These 6 Things Will Improve Your Retail Customer Experience

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6 Tips for Improving Retail Customer Experience

If you’re looking for repeat business as a retail company, one of the areas you absolutely need to focus on is customer experience. How a customer feels — not only when she is in your store, but also when she interacts with your brand online or after the sale— will determine whether or not she will buy from you in the future. It’s worth your attention to ensure that her experience is a positive one that is memorable.

Tips for Improving Retail Customer Experience

Start with an Audit

You might assume that every customer experience is a positive one, but without feedback, you can’t know for sure. Send secret shoppers into your store, and ask them to report back on their experiences with:

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  • The layout of the store
  • Their ability to find what they needed
  • The friendliness and helpfulness of sales associates
  • The speed and ease of the checkout process

If you only operate as an ecommerce business, you can apply this same principle by asking a handful of people you know to visit your website and make a purchase, providing feedback on similar data points especially if you use a live chat service.

When you get the feedback, see what the issues are. Maybe one sales associate was playing on her phone when the shopper tried to get her attention. Or maybe the online checkout process took far too long and the shopper got frustrated. These are areas you can deal with immediately through training to ensure your customer experience doesn’t send potential customers running in the opposite direction.

Lay Out Products in an Appealing Way

We shop with our eyes, and window displays can drastically increase sales if you arrange them in an appealing manner. Test this out: take products that haven’t been great sellers and arrange them in an eye-catching display. For example, if you have a sunscreen that hasn’t sold well, arrange it on a table covered in sand with a beach ball and sunglasses. This makes shoppers stop to take it all in, and in that time, you have the opportunity to get them interested in the product of focus. If you want to offer a discount as well, you’ll sell even more with your display.

Think About Traffic Flow

Have you ever been to a store where you had to fight to make your way between clothing racks or display shelves? It’s frustrating. And while customers might not even think about it, when they consider where to shop later, they may have already crossed you off the list because they didn’t feel comfortable in your store.

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Allow for plenty of room between racks or shelves. Shoppers should be able to walk by without knocking anything over or bumping into another customer. Don’t make shelves higher than they can reach, either. Sometimes, less is more when it comes to design.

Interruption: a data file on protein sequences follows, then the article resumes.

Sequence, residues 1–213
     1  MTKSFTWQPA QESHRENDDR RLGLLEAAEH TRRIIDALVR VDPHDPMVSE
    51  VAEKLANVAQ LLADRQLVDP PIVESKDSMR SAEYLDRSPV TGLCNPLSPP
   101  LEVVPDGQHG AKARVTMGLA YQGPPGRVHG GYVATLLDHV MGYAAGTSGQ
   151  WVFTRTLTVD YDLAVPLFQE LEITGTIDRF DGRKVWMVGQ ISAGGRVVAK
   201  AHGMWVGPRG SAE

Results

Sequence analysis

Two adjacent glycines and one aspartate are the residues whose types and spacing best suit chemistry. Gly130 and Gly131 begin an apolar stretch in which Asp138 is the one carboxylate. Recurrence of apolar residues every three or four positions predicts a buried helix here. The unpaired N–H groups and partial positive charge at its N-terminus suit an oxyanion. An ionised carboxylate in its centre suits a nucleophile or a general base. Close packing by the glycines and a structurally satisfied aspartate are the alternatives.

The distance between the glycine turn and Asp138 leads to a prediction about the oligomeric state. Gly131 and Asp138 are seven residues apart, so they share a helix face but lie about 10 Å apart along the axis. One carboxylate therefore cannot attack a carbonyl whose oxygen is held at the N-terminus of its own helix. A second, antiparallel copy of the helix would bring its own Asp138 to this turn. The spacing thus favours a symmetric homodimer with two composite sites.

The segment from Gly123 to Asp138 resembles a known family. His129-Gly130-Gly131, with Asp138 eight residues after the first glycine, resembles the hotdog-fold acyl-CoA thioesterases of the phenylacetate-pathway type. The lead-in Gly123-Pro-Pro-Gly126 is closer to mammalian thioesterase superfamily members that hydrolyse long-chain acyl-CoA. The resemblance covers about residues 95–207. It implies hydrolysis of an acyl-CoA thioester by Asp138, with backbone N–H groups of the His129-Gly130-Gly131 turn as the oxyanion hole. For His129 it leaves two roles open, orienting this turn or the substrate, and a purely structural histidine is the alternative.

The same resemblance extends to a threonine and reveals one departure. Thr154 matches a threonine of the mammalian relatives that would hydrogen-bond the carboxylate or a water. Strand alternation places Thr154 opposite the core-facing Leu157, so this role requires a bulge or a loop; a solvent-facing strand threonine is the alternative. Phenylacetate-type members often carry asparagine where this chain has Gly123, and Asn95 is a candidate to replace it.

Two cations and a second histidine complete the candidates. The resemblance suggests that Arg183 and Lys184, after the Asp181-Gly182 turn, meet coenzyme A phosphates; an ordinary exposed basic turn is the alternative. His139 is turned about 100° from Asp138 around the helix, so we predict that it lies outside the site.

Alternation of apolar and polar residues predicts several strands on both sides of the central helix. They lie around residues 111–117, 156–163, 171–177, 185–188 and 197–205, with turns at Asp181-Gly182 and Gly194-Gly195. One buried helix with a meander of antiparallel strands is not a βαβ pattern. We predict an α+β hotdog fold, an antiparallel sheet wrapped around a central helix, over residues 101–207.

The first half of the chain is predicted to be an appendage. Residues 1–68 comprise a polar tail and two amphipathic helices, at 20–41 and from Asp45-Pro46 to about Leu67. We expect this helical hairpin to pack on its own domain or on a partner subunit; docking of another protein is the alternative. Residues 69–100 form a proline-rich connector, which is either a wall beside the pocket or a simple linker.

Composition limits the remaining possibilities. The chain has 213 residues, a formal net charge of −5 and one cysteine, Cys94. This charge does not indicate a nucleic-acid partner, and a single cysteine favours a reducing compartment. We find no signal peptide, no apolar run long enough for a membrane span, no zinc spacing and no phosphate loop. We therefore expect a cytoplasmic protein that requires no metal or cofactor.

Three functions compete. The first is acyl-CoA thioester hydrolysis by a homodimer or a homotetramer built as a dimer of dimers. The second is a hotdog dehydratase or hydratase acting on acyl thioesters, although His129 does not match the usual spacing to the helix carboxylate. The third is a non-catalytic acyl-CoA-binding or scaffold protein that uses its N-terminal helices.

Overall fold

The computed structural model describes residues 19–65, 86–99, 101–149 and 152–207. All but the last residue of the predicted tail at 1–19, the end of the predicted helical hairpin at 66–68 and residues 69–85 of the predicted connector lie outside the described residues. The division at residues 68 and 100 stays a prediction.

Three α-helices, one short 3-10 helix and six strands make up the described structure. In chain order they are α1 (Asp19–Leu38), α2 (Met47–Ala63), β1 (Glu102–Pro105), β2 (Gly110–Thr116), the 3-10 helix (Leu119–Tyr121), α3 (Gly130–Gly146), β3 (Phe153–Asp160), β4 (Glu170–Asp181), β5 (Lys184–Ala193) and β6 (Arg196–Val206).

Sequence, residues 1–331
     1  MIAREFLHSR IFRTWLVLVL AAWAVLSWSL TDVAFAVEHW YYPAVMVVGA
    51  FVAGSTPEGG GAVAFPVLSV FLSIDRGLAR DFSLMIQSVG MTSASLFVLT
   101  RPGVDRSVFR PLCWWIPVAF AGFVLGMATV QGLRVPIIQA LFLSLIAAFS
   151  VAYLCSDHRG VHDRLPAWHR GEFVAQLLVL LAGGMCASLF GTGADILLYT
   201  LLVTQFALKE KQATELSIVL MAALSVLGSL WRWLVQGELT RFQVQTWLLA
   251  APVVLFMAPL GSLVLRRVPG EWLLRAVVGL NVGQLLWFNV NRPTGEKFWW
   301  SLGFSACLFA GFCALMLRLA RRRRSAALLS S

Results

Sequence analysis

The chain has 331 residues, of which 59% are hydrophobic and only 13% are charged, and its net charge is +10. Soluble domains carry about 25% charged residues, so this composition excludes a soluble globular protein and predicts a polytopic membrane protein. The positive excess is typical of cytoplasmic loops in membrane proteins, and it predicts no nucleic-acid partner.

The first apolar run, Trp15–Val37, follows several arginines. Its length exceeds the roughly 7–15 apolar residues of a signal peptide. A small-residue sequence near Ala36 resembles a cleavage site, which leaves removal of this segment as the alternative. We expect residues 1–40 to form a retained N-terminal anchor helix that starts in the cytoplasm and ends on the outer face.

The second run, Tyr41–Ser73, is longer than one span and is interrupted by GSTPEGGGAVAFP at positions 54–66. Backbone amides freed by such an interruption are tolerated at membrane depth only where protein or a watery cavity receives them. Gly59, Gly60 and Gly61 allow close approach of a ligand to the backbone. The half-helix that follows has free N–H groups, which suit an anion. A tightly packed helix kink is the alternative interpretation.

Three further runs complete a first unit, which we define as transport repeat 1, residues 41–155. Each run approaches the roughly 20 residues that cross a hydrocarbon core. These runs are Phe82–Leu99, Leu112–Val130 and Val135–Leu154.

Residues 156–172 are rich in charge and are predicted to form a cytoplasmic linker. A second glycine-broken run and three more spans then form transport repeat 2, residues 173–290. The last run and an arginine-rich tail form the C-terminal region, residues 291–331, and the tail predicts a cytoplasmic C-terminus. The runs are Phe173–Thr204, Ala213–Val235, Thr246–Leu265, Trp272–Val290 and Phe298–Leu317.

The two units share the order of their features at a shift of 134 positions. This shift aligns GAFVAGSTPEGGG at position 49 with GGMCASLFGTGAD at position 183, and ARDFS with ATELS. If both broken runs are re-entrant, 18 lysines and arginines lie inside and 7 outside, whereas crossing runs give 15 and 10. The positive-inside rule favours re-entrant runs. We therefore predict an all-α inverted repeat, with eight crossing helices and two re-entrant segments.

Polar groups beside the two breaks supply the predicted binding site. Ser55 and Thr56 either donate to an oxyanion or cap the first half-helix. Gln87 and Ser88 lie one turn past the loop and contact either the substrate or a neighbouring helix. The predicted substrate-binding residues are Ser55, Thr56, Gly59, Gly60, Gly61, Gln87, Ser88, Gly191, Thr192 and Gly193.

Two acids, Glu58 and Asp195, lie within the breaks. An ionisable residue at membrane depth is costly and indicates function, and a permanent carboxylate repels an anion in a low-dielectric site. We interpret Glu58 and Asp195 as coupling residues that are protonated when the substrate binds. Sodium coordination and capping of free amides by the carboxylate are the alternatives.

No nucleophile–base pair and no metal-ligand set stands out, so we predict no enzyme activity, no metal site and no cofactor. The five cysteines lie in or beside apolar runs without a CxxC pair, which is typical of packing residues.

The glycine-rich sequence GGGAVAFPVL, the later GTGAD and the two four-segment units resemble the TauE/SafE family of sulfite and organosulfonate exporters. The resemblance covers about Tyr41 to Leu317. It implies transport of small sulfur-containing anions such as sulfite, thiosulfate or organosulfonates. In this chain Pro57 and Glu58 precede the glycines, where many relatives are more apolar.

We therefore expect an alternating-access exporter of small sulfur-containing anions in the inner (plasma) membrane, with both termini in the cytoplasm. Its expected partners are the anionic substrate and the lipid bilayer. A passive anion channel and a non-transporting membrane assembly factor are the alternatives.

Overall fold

Talk to Your Staff

If you have employees, you must impart how critical it is to make every shopper feel welcome. Sometimes when you hire inexperienced workers at minimum wage, you don’t get workers who feel they owe you anything more than showing up and checking people out. So start in the interview process. Look for people who genuinely seem enthusiastic about helping people and working in retail.

Continually stress the importance of greeting customers when they walk in and offering to help them if they need it. Again, an occasional spot check with a secret shopper can keep you informed as to whether your employees are doing their jobs correctly.

Monitor Yelp

Sometimes the best place to find out what the typical customer experience is, is Yelp. People tend to leave reviews if either they were over the moon with their experience or terribly dissatisfied. Either way, this is valuable feedback.

Keep track of new reviews and always to all reviews, especially if they’re negative. You need to find a way to rectify a bad customer experience so that if a person changes his mind about your brand, maybe he will agree to update the Yelp review to response. Also use this feedback as the opportunity to make changes in your retail business for the better.

Consider How to Make Your Customer Experience Even Better

There are a million small touches you can provide that will enhance a shopper’s experience. You could light cookie-scented candles in your store to provide a homey feel, or offer shoppers a bottle of water  (or even wine!). Give the kiddos lollipops and the pups dog treats. Even a genuine smile can go a long way toward making people want to come back and shop with you again.

It’s not that difficult to make an initial sale. Much harder, though, is getting customers to come back and buy from you again and again. It starts by ensuring that the experience they have with your brand, both instore and online is an enjoyable and memorable one.

Open for Business Photo via Shutterstock

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Melinda Emerson Melinda Emerson, known to many as "SmallBizLady," is a Veteran Entrepreneur, Small Business Coach and Social Media Strategist who hosts #Smallbizchat for emerging entrepreneurs on Twitter. She is also the author of, Become Your Own Boss in 12 Months.

3 Reactions
  1. You really have to know your status before you can move. An audit will really help and so does asking your customers for their actual experience.

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